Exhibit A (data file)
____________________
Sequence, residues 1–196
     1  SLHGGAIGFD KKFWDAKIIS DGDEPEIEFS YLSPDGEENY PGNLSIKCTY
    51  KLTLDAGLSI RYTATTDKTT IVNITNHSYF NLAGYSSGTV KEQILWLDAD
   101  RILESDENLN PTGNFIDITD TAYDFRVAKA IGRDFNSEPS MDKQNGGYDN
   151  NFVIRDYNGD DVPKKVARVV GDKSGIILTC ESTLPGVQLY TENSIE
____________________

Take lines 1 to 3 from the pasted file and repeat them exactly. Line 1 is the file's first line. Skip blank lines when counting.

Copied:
Sequence, residues 1–196
     1  SLHGGAIGFD KKFWDAKIIS DGDEPEIEFS YLSPDGEENY PGNLSIKCTY
    51  KLTLDAGLSI RYTATTDKTT IVNITNHSYF NLAGYSSGTV KEQILWLDAD